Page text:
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Tuesday, September 29, 2015

CASEY'S SHADOW (1978)

Martin Ritt made too many good films to be written off as the styleless laissez-faire helmer he’s often taken for. Though he does show a bit more obvious adventurous spirit working in b&w (THE SPY WHO CAME IN FROM THE COLD/’65; HUD/’63) than on his color pics. But here, working from a decent, if formulaic triumph-of-the-underdog script, and without favored cinematographer James Wong Howe, he’s not so much a dull dog as a dutiful one. Walter Matthau, off his big surprise hit as a tippling, curmudgeonly Little League coach in THE BAD NEWS BEARS/’76, is back with a pack of tough/cute kids. Only this time the sport is quarter-horse racing and the trio of kids are his own. (By the look of things, there might well have been three separate moms and maybe a surrogate stud as Dad to help explain the lack of family resemblance.) Matthau’s pretty odd casting as a Louisiana Cajun horse trainer, anyway, though he makes it work in his own quirky manner. The story runs along pleasantly enough for a couple of acts, but things go off the rails in the third. Not only does the story turn darker than the tone of the film can handle, but the script can’t decide on which of three possible endings to use . . . so they use ‘em all!, one after the other. Try to ignore the propulsively dreadful down-home song-plugging score from Patrick Williams and instead concentrate on a really sharp supporting perf from Alexis Smith as a classy trader in horseflesh. Fifty-seven at the time, making her only a year younger than the rumpled Mr. Matthau, she’s the very definition of what’s meant by ‘one fine figure of a woman.’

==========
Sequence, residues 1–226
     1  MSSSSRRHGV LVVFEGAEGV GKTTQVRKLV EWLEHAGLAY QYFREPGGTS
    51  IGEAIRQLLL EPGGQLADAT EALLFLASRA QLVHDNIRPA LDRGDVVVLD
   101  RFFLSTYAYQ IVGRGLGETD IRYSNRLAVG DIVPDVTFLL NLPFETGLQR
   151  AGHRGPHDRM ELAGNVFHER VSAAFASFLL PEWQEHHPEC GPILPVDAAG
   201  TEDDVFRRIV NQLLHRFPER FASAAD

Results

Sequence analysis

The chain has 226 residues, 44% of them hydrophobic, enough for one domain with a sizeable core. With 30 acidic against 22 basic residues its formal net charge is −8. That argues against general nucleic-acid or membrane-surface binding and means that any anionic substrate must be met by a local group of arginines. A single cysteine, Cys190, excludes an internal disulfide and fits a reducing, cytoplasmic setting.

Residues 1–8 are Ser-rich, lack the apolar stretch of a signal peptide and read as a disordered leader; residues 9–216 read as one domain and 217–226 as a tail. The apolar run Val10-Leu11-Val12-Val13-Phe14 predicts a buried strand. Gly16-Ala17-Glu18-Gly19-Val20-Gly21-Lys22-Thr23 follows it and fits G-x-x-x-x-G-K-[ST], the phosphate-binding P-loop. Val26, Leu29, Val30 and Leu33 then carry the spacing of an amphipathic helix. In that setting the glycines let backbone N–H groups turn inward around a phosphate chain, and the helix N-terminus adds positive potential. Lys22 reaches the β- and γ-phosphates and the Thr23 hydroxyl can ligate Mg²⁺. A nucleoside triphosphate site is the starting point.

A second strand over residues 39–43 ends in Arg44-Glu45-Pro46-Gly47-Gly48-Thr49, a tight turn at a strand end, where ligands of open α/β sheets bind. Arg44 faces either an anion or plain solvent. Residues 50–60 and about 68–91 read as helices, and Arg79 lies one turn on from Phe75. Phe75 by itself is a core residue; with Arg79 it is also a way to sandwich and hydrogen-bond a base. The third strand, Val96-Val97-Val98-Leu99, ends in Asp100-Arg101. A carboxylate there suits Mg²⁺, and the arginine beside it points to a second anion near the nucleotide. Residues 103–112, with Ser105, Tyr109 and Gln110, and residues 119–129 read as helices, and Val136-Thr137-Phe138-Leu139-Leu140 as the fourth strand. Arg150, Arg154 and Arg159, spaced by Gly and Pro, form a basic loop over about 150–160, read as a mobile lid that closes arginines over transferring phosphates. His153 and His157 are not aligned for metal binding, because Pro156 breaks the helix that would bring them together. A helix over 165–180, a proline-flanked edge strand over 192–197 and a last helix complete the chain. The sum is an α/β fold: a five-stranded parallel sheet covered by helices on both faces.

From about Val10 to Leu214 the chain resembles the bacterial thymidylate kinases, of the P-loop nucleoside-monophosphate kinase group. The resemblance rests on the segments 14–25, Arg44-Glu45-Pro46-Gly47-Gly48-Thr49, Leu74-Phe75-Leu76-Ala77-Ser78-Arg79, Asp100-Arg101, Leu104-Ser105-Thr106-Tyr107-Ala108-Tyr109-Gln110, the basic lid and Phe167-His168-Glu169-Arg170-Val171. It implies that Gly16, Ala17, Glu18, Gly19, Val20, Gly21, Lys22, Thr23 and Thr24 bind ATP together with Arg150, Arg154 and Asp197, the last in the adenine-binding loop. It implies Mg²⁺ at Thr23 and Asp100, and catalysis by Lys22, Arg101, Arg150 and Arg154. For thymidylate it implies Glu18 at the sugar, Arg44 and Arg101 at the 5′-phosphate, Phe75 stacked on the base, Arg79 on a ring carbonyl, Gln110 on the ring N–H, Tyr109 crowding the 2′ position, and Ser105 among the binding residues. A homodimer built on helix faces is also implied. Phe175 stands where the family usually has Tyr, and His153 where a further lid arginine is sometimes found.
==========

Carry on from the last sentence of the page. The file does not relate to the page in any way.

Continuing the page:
DOUBLE-BILL: Matthau had a thing for the track, trying another horse-racing tale a couple of years on (with no more commercial success) with a fourth version of Damon Runyon’s LITTLE MISS MARKER/’78. He’s far better cast, with a truly great moment where he pours the cream off the top of a bottle of milk for his own use before letting the little girl he’s stuck with have some for her cereal. But, like all too many Runyon adaptations, the film feels bloated with the cutes.

SCREWY THOUGHT OF THE DAY:  Don't forget to count the hidden 'NINAs' in the Al Hirschfeld drawing above.  Click on the caricature to enlarge.

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